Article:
ASC 740 prescribes a recognition threshold and a measurement attribute for the financial statement recognition and measurement of tax positions taken or expected to be taken in a tax return. For those benefits to be recognized, a tax position must be more likely than not to be sustained upon examination by taxing authorities. The Company recognizes accrued interest and penalties related to unrecognized tax benefits as income tax expense. There were no unrecognized tax benefits and no amounts accrued for interest and penalties as of December 31, 2020 and 2019. The Company is currently not aware of any issues under review that could result in significant payments, accruals or material deviation from its position.

 

The Company may be subject to potential examination by federal, state and city taxing authorities in the areas of income taxes. These potential examinations may include questioning the timing and amount of deductions, the nexus of income among various tax jurisdictions and compliance with federal, state and city tax laws. The Company is subject to income tax examinations by major taxing authorities since inception. The Company’s management does not expect that the total amount of unrecognized tax benefits will materially change over the next twelve months.

 

Net Loss Per Common Share

 

Net income (loss) per common share is computed by dividing net income (loss) by the weighted average number of common shares outstanding for the period. The Company has not considered the effect of warrants sold in the Initial Public Offering and private placement to purchase 7,846,666 shares of Class A common stock in the calculation of diluted income (loss) per share, since the exercise of the warrants are contingent upon the occurrence of future events and the inclusion of such warrants would be anti-dilutive.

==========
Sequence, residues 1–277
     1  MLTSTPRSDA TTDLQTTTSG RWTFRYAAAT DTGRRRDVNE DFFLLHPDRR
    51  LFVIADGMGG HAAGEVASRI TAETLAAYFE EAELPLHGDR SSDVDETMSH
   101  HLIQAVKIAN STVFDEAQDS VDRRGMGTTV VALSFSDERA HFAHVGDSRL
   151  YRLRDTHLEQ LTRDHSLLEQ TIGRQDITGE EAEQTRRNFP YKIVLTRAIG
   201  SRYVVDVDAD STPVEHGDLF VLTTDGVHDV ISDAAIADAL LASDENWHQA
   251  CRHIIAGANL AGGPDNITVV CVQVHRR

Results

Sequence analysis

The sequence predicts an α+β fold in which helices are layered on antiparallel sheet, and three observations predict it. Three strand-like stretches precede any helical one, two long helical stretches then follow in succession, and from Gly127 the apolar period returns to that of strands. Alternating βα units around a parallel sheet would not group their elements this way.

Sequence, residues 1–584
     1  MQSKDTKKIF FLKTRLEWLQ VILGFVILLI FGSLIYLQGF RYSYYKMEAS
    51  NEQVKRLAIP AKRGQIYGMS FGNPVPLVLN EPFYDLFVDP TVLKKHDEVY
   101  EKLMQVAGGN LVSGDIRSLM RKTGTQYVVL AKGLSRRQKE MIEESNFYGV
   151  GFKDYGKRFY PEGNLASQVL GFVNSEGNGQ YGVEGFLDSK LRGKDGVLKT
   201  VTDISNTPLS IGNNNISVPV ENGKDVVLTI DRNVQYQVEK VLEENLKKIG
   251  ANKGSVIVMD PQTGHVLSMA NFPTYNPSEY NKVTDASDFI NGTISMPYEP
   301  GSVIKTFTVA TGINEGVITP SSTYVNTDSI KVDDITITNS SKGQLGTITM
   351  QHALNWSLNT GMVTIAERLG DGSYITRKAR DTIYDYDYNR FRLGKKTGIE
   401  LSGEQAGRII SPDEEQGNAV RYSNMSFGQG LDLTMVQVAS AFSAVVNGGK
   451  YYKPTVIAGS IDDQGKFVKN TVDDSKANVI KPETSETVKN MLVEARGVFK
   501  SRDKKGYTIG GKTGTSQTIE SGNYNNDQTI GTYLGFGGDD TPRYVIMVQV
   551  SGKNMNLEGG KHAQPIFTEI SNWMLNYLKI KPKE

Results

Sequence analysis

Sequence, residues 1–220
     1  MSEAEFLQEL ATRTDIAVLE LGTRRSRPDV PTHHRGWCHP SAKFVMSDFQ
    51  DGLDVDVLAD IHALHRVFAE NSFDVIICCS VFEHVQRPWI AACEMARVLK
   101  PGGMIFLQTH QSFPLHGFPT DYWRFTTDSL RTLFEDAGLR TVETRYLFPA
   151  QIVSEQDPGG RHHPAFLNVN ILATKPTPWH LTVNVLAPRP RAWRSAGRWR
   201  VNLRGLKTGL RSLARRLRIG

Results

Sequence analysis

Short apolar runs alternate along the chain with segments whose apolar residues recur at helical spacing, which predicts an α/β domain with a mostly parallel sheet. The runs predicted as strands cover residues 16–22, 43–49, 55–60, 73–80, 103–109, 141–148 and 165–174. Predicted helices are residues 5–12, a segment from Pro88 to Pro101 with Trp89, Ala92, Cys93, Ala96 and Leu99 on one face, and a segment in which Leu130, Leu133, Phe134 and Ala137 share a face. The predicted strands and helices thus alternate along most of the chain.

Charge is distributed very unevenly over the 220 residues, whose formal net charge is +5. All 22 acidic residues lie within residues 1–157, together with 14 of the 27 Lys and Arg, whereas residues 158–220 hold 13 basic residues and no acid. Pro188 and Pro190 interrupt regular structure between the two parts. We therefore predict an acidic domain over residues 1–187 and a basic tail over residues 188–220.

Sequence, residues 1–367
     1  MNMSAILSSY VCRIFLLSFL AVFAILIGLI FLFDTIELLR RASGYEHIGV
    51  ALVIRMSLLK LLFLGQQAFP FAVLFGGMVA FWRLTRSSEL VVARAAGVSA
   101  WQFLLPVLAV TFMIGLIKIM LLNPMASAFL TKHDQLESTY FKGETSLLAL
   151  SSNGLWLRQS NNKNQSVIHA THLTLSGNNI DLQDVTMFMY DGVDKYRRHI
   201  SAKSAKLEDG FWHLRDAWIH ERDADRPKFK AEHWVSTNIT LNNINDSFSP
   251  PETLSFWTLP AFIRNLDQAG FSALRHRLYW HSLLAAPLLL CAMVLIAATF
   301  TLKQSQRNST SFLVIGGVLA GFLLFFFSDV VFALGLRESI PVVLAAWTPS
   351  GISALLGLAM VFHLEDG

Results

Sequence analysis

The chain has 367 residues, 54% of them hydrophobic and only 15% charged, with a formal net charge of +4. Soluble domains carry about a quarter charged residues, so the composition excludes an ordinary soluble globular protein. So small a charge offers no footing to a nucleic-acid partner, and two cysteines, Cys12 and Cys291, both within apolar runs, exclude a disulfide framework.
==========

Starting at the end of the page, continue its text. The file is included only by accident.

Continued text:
The Company’s statement of operations includes a presentation of income (loss) per share for common shares subject to possible redemption in a manner similar to the two-class method of income per share. Net income (loss) per common share, basic and diluted for Class A redeemable common stock is calculated by dividing the interest income earned on the Trust Account, net of applicable franchise and income taxes, by the weighted average number of Class A redeemable common stock outstanding since original issuance. Net income (loss) per common share, basic and diluted for Class A and Class B non-redeemable common stock is calculated by dividing the net income (loss), less income attributable to Class A redeemable common stock, by the weighted average number of Class A and Class B non-redeemable common stock outstanding for the period. Class A and Class B non-redeemable common stock includes the Founder Shares and the Placement Shares as these shares do not have any redemption features and do not participate in the income earned on the Trust Account.

 

Concentration of Credit Risk

 

Financial instruments that potentially subject the Company to concentrations of credit risk consist of a cash account in a financial institution, which, at times, may exceed the Federal Depository Insurance Coverage of $250,000. The Company has not experienced losses on this account and management believes the Company is not exposed to significant risks on such account.

 

Fair Value of Financial Instruments

 

The fair value of the Company’s assets and liabilities, which qualify as financial instruments under ASC 820, “Fair Value Measurement,” approximates the carrying amounts represented in the accompanying balance sheets, primarily due to their short-term nature.

 

Recent Accounting Standards